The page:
Plotting a Bright Future for Manufacturing Education: Results of a Brainstorming SessionProceedings of the 2006 ASEE Conference "Advancing Scholarship in Engineering Education": Chicago, IL
AbstractManufacturing industries worldwide have undergone dramatic changes in recent years and now demand more from graduating manufacturing engineers. The effects of globalization have forever changed the parameters for success in manufacturing. Our educational institutions must respond to these changes with innovation. That agenda formed the basis for a special SME/CIRP international conference on manufacturing engineering education called “Looking Forward: Innovations in Manufacturing Engineering Education,” held in San Luis Obispo, California, June 22-25, 2005. At the meeting, manufacturing education professionals from around the world came together to share their own innovative ideas and to brainstorm ways to shape the future of manufacturing education so that it best meets the needs of industry. Conference sessions covered educational methods, course and program issues, collaborations, sustainability, and globalization. The brainstorming took place during a unique, dedicated conference session that occurred near the end of the conference, ensuring that participants had opportunities to meet, exchange ideas, and become comfortable with other attendees prior to brainstorming. The session was formally chaired and hosted by a manufacturing industry representative who motivated the thirty-one session participants to come up with hundreds of ideas for improvement. Ideas were generated to address the future of manufacturing education as it relates to: • what new technologies or systems need to be covered in the curriculum, • what changes should be incorporated at both the course and program levels, • how programs should interact with industrial and professional organizations, and • what can be done to improve recruiting of new students into the field. The brainstorming was essentially an open-ended survey that functioned with the advantages of a focus group. The ideas were recorded by the participants and collected from the session. This paper discusses the data collection (i.e., brainstorming) method used and then summarizes and categorizes the ideas generated from the session. In an attempt to capture the collective wisdom shared at the session, the results are compiled to suggest a broad roadmap to guide future change in manufacturing education.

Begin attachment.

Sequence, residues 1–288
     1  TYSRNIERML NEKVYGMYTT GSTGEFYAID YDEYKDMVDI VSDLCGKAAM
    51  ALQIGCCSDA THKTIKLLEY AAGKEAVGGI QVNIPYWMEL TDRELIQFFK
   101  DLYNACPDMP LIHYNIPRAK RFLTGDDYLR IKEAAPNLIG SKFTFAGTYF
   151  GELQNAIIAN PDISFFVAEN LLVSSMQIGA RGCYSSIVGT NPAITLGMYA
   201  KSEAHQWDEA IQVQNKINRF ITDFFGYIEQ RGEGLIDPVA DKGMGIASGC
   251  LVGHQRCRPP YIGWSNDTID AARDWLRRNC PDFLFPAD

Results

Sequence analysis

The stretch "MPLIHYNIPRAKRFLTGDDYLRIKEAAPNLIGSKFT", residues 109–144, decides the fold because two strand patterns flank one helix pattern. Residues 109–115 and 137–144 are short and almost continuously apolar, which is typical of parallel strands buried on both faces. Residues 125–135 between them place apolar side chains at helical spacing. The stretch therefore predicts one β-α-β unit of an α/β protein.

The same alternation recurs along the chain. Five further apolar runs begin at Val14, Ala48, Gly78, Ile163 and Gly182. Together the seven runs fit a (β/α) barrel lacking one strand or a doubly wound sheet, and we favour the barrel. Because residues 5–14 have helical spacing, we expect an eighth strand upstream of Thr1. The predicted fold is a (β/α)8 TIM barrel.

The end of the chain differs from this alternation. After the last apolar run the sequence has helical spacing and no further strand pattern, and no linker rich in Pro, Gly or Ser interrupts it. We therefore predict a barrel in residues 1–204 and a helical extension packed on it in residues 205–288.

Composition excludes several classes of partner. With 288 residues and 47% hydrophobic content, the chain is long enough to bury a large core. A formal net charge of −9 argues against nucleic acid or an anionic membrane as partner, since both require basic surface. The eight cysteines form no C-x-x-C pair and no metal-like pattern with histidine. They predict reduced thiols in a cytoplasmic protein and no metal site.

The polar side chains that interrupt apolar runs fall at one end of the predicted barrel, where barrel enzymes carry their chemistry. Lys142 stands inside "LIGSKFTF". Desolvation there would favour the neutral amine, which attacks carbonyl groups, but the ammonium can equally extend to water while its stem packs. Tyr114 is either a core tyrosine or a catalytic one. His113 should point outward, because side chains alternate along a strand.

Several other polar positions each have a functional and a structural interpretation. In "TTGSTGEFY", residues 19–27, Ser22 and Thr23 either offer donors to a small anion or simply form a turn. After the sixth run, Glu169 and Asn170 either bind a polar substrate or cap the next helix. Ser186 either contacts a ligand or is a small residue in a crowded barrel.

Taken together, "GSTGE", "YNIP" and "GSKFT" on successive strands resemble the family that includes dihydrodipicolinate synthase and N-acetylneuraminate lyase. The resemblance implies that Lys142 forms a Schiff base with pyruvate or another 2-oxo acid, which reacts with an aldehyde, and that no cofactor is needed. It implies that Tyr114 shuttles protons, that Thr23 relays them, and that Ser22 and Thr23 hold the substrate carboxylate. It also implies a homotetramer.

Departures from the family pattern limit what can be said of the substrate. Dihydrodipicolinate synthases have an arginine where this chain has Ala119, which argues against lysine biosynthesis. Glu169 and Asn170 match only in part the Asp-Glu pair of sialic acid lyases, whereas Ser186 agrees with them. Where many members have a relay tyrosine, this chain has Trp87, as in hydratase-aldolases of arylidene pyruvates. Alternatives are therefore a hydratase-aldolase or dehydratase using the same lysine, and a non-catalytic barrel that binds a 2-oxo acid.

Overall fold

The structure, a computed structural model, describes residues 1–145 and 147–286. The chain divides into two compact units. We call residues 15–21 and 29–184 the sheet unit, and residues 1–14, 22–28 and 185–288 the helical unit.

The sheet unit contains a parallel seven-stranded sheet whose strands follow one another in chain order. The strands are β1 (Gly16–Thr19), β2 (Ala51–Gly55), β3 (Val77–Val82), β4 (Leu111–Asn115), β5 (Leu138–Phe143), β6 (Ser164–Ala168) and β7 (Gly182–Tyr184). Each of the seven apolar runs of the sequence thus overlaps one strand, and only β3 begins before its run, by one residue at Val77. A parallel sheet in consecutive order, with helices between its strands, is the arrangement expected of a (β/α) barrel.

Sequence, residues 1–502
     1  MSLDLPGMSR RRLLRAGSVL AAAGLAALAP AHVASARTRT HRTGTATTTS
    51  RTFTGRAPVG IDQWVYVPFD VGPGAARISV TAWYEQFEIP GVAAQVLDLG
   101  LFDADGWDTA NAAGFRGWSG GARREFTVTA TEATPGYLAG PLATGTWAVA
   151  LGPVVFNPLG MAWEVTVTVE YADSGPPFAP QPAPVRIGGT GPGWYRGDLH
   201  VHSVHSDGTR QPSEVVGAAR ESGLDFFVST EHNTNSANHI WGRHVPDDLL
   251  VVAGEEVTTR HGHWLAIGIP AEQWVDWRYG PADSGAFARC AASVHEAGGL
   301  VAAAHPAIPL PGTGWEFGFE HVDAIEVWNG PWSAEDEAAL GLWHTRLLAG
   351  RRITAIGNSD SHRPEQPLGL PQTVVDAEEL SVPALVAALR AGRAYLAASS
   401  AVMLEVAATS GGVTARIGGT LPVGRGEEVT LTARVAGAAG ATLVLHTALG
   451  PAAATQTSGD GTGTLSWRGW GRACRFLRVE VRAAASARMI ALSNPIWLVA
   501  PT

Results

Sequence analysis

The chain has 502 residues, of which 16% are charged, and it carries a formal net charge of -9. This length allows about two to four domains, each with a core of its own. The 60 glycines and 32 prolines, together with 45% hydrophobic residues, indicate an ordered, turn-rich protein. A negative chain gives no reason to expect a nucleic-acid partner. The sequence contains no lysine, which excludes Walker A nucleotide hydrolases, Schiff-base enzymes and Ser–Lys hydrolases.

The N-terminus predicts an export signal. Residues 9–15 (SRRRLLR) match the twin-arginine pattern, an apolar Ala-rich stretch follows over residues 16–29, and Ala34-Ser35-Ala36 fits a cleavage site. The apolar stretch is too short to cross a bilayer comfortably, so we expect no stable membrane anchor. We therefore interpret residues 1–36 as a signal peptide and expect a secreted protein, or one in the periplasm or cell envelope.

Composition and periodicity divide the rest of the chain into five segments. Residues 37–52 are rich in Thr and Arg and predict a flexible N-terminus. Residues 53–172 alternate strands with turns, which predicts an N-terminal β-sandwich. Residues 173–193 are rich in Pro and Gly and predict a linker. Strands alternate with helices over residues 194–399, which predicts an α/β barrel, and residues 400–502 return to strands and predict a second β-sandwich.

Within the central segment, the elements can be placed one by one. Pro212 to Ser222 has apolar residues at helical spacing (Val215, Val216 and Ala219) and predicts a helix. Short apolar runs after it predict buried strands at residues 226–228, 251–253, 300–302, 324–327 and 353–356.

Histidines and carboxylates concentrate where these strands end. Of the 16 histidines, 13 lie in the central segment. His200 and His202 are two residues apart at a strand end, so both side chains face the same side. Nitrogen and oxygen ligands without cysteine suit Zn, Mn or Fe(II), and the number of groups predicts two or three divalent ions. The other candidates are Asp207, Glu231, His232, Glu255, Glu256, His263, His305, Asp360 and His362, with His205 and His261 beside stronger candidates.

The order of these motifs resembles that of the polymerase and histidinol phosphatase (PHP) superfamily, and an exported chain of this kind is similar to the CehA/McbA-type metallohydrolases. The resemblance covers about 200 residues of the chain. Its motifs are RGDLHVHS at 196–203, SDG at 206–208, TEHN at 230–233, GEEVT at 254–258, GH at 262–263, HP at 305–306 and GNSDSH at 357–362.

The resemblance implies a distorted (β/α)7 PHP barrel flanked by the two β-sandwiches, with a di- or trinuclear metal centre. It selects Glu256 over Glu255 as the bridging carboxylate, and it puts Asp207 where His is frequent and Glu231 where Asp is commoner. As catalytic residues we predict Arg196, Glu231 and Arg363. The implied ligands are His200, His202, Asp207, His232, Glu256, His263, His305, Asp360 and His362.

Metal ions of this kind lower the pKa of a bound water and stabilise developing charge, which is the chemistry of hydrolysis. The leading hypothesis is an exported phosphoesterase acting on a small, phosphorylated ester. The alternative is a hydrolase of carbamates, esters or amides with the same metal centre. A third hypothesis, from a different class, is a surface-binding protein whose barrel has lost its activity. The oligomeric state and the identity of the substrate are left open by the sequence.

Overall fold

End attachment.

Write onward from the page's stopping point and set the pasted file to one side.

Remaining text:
Citation InformationDaniel Waldorf, Sema E. Alptekin and Robert Bjurman. "Plotting a Bright Future for Manufacturing Education: Results of a Brainstorming Session" Proceedings of the 2006 ASEE Conference "Advancing Scholarship in Engineering Education": Chicago, IL (2006)
Available at: http://works.bepress.com/dwaldorf/1/